A Mind Full

Sir Ken Robinson, in his TED talk proposes that there are three principles that are crucial for the human mind to flourish and how we can see the opposite of these principles in our current education system:

  • Human beings are naturally different and diverse (No Child Left Behind policy is based upon conformity)*

*I find it interesting that the current undergraduate students are products of the former No Child Left Behind policies and that I see a lot of Robinson’s comments on this policy in the classroom.

  • Curiosity (the point of teaching is to facilitate learning; testing should not be the dominant culture)
  • Human life is inherently creative (culture of standardization)


Ellen Langer echoes Robinson’s principles in her explanation of mindful and mindlessness learning. She states, “A mindful approach to any activity has three characteristics: the continuous creation of new categories; openness to new information; and an implicit awareness of more than one perspective. Mindlessness, in contrast, is characterized by an entrapment in old categories; by automatic behavior that precludes attending to new signals; and by action that operates from a single perspective. Being mindless, colloquially speaking, is like being on automatic pilot” (1997, p. 4).


So what does this mean to me as an instructor? It actually means a lot. When I started being an instructor of record, I thought back to my own experiences as an undergraduate student and my attitude towards learning. I had not been given any pedagogical instruction, only past syllabi to assist in planning my course. I needed ideas. What was it that excited me? What did professors do to engage me? I realized that they made me feel as if I was an intricate part of the learning process. They were willing to field my questions and listen to my ideas. They helped me express my creativity and go beyond my comfort zone when it came to choosing topics for class presentations or final projects. I was never told outright that I was wrong or that I just didn’t get it. I was usually given a “clue” and asked to retrace my steps to find a different outcome on my own.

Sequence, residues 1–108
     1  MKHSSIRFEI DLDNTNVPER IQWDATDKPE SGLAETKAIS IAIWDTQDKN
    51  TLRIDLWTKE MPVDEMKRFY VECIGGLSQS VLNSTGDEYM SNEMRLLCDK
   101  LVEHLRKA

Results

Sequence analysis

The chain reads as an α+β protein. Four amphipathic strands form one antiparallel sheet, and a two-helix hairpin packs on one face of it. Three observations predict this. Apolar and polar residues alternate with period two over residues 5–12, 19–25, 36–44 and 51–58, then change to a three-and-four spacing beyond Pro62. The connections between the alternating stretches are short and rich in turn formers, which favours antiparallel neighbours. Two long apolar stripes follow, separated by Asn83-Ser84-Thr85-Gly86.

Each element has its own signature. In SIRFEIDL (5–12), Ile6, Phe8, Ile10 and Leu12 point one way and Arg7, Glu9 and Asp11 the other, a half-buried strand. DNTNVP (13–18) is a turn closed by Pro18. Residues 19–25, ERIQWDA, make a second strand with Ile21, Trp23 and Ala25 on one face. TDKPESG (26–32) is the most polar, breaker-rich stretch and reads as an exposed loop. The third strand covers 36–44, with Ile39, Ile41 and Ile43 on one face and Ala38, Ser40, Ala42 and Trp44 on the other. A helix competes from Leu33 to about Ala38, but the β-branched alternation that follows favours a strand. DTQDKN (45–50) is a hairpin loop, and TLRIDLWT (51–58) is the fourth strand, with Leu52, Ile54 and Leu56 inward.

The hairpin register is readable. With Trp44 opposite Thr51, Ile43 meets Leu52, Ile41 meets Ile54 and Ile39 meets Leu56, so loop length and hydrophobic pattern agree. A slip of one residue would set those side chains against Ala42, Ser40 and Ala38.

“Look! A clue!”

My next thought was how to incorporate these things into my classroom. First I thought about the physical space and I would agree with Mike Wesch, “The physical structure of the classrooms in which I work simply does not inspire dialogue and critical thinking. They are physical manifestations of the pervasive narrow and naïve assumption that learning is simple information gathering, built for teachers to effectively carry out the relatively simple task of conveying information” (Wesch, 6). I wanted to convey information but not as the typical “sage on the stage.” Again, this semester I am trying the no electronic device approach to conveying information. I felt that electronic devices, while connecting students virtually, hindered their connections in the physical realm. In my experience, students seemed more apt to take notes on their laptops when I spoke, but were reluctant to see the possible learning in the questions and comments of their peers. So far, there has been success. Students are attentive. They are asking questions of each other and me. Discussion is lively and thoughtful. Is this the answer? I don’t think so. I know I have to be flexible and adaptable. Each semester has been and will be a new experience and experiment with my “teaching style.”